Connecting the Dots with Decision Intelligence

CIO Journal - Wall Street Journal

Twenty years ago, business leaders could occasionally take a moment to breathe before deciding on their next course of action. Companies typically formulated five-year business plans and worked steadily toward those goals; major disruption was relatively infrequent.

Today, of course, that’s all changed. Advanced technologies, elevated consumer expectations, and a range of political, economic, environmental, and social factors have transformed the business landscape. Disruption is continual, and decisions must typically be made immediately, if not sooner.

“With the massively increased complexity of this digital world, leaders need agility and scale to keep up with digital-native companies,” says Fred Laluyaux, president and CEO of Aera Technology, which provides a cloud platform designed to enable companies to develop, deploy, and manage decision intelligence at scale across the enterprise. “There’s been a dramatic acceleration of the speed with which decisions need to be made and a corresponding jump in the need for intelligence and accuracy.”

Here, Laluyaux and Sid Patil, a principal with Deloitte Consulting LLP, discuss enterprises’ heightened decision-making needs in this modern era and how decision intelligence can help.

What is decision intelligence, and how does it differ from more traditional approaches to business decision-making?

Laluyaux: Fundamentally, decision intelligence aims to enable the digitization, augmentation, and automation of decision-making for faster execution and better agility. Decisions such as how much raw materials to order, how to allocate inventory, or how to price and promote products, for example, all depend on getting the right data, trusting that it’s accurate, and applying the right logic to execute quickly. Despite millions of dollars in investments in data lakes and other technologies, this is often still a challenge. Many organizations rely on bespoke apps, phone calls, and emails to make their decisions, but that’s just not fast or accurate enough anymore.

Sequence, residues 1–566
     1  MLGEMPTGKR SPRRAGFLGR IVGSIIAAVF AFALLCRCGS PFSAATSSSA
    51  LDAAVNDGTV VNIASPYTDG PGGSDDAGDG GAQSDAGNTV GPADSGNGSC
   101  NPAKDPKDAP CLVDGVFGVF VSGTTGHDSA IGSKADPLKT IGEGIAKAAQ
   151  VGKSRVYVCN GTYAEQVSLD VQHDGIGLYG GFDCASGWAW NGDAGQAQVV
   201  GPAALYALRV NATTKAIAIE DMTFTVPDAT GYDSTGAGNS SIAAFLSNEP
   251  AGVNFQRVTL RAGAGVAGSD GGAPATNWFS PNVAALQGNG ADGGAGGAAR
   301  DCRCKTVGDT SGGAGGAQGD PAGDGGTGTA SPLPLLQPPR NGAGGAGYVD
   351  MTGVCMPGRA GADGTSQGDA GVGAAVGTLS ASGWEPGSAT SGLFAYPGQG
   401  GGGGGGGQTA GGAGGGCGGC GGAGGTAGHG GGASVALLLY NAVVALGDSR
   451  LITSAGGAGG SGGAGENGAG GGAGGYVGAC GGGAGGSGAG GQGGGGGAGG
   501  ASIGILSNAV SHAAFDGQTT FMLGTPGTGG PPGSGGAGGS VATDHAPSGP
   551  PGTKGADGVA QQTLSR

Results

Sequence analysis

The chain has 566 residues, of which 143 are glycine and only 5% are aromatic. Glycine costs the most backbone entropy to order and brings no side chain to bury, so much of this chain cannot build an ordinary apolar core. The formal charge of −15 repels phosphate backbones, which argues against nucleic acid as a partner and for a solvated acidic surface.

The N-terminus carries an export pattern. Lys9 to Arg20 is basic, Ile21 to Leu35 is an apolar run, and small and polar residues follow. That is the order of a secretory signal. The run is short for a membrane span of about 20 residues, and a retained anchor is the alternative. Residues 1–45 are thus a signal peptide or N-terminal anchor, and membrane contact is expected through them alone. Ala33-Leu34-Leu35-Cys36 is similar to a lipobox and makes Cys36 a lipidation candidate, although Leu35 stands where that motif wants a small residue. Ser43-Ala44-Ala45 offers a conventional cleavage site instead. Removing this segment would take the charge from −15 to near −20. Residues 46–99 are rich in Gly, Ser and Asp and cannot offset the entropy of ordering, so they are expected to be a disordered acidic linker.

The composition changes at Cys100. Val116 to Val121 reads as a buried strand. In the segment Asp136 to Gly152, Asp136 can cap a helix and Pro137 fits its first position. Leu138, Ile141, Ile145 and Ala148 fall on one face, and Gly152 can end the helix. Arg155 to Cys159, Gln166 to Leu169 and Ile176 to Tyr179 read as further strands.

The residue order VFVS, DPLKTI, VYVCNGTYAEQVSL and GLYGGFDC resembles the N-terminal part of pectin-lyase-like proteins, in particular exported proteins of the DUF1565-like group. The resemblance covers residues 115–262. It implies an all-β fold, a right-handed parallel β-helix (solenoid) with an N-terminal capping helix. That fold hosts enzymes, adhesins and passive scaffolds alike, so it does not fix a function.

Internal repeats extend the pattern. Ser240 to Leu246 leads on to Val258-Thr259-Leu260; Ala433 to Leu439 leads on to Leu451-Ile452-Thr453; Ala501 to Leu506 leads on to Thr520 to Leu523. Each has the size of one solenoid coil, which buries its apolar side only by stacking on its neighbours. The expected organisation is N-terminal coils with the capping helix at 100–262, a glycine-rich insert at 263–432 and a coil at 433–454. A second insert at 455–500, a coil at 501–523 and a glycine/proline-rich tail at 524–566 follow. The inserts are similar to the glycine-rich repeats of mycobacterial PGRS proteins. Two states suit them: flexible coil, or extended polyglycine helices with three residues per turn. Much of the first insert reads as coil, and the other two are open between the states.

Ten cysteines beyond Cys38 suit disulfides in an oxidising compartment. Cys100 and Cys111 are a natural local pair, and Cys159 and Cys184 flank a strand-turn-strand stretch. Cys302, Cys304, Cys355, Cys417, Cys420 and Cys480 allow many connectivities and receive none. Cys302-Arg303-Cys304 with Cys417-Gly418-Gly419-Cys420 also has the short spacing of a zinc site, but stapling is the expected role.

With decision intelligence, the software collects the data, applies decision logic digitally, and either executes automatically or presents recommendations to a human operator, much like in a self-driving car. With velocity and scale, decision-making is no longer constrained by people—you can make 10,000 decisions a day if you have to—but humans can be in the loop for the high-value, strategic decisions, which typically account for roughly 20% of those that need to be made. In the meantime, the technology captures all the decisions made and learns from them to get smarter over time.

What’s driving the need for a new decision-making approach today?

Patil: Over the past few years, driven in part by the global pandemic, the number and complexity of decisions enterprises need to make has gone up exponentially. Yet companies often continue to rely on simple dashboards and large spreadsheets to make them. Many decisions now expire before someone even has a chance to gather the right data from across silos and interpret it for action.

Where in the organization can decision intelligence be applied, and what are some of the top benefits?